Donald E. Ingber has developed a theory of tensegrity to describe numerous phenomena observed in molecular biology. For instance, the expressed shapes of cells, whether it be their reactions to applied pressure, interactions with substrates, etc., all can be mathematically modeled by representing the cell's cytoskeleton as a tensegrity. Furthermore, geometric patterns found throughout nature (the helix of DNA, the geodesic dome of a volvox, Buckminsterfullerene, and more) may also be understood based on applying the principles of tensegrity to the spontaneous self-assembly of compounds, proteins, and even organs. This view is supported by how the tension-compression interactions of tensegrity minimize material needed to maintain stability and achieve structural resiliency, although the comparison with inert materials within a biological framework has no widely accepted premise within physiological science. Therefore, natural selection pressures would likely favor biological systems organized in a tensegrity manner.
As Ingber explains:
The tension-bearing members in these structures – whether Fuller's domes or Snelson's sculptures – map out the shortest paths between adjacent members (and are therefore, by definition, arranged geodesically). Tensional forces naturally transmit themselves over the shortest distance between two points, so the members of a tensegrity structure are precisely positioned to best withstand stress. For this reason, tensegrity structures offer a maximum amount of strength.
In embryology, Richard Gordon proposed that embryonic differentiation waves are propagated by an 'organelle of differentiation' where the cytoskeleton is assembled in a bistable tensegrity structure at the apical end of cells called the 'cell state splitter'.
Origins and art history
Russian artist Viatcheslav Koleichuk claimed that the idea of tensegrity was invented first by Kārlis Johansons (in Russian as German as Karl Ioganson) (lv), a Soviet avant-garde artist of Latvian descent, who contributed some works to the main exhibition of Russian constructivism in 1921. Koleichuk's claim was backed up by Maria Gough for one of the works at the 1921 constructivist exhibition. Snelson has acknowledged the constructivists as an influence for his work (query?). French engineer David Georges Emmerich has also noted how Kārlis Johansons's work (and industrial design ideas) seemed to foresee tensegrity concepts.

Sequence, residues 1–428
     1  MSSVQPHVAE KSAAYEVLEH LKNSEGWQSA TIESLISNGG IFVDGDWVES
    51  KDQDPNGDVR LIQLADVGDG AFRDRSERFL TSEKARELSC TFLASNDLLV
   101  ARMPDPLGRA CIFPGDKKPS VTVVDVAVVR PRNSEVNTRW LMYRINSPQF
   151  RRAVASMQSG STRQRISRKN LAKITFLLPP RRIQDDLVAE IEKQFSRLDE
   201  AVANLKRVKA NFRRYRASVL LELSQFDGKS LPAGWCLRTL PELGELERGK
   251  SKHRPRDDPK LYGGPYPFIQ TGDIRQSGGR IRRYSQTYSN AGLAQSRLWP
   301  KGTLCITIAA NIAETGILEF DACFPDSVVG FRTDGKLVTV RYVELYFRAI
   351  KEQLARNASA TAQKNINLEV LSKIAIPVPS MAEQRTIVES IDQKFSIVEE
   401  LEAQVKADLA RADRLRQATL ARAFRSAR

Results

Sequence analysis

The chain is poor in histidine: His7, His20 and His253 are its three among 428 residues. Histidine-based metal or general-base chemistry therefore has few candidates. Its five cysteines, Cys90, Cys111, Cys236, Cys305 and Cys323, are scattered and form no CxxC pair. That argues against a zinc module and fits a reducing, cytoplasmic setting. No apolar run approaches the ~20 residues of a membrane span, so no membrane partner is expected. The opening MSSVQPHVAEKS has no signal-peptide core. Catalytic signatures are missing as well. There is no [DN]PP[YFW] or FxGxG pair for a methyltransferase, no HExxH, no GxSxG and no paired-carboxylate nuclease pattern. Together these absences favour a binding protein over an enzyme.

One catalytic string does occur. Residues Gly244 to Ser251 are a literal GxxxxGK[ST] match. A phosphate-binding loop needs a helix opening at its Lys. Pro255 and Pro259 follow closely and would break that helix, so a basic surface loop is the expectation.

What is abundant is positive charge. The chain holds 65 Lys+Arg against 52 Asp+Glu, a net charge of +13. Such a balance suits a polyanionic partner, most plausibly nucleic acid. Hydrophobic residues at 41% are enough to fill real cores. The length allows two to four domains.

In 1948, artist Kenneth Snelson produced his innovative "X-Piece" after artistic explorations at Black Mountain College (where Buckminster Fuller was lecturing) and elsewhere. Some years later, the term "tensegrity" was coined by Fuller, who is best known for his geodesic domes. Throughout his career, Fuller had experimented with incorporating tensile components in his work, such as in the framing of his dymaxion houses.
Snelson's 1948 innovation spurred Fuller to immediately commission a mast from Snelson. In 1949, Fuller developed a tensegrity-icosahedron based on the technology, and he and his students quickly developed further structures and applied the technology to building domes. After a hiatus, Snelson also went on to produce a plethora of sculptures based on tensegrity concepts. His main body of work began in 1959 when a pivotal exhibition at the Museum of Modern Art took place. At the MOMA exhibition, Fuller had shown the mast and some of his other work. At this exhibition, Snelson, after a discussion with Fuller and the exhibition organizers regarding credit for the mast, also displayed some work in a vitrine.
Snelson's best known piece is his 18-meter-high Needle Tower of 1968.
The three-rod tensegrity structure (3-way prism) has the property that, for a given (common) length of compression member “rod” (there are three total) and a given (common) length of tension cable “tendon” (six total) connecting the rod ends together, there is a particular value for the (common) length of the tendon connecting the rod tops with the neighboring rod bottoms that causes the structure to hold a stable shape. For such a structure, it is straightforward to prove that the triangle formed by the rod tops and that formed by the rod bottoms are rotated with respect to each other by an angle of 5π/6 (radians).
The stability (“prestressability”) of several 2-stage tensegrity structures are analyzed by Sultan, et al.
The T3-prism (also known as Triplex) can be obtained through form finding of a straight triangular prism. Its self-equilibrium state is given when the base triangles are in parallel planes separated by an angle of twist of π/6. The formula for its unique self-stress state is given by,
Here, the first three negative values correspond to the inner components in compression, while the rest correspond to the cables in tension.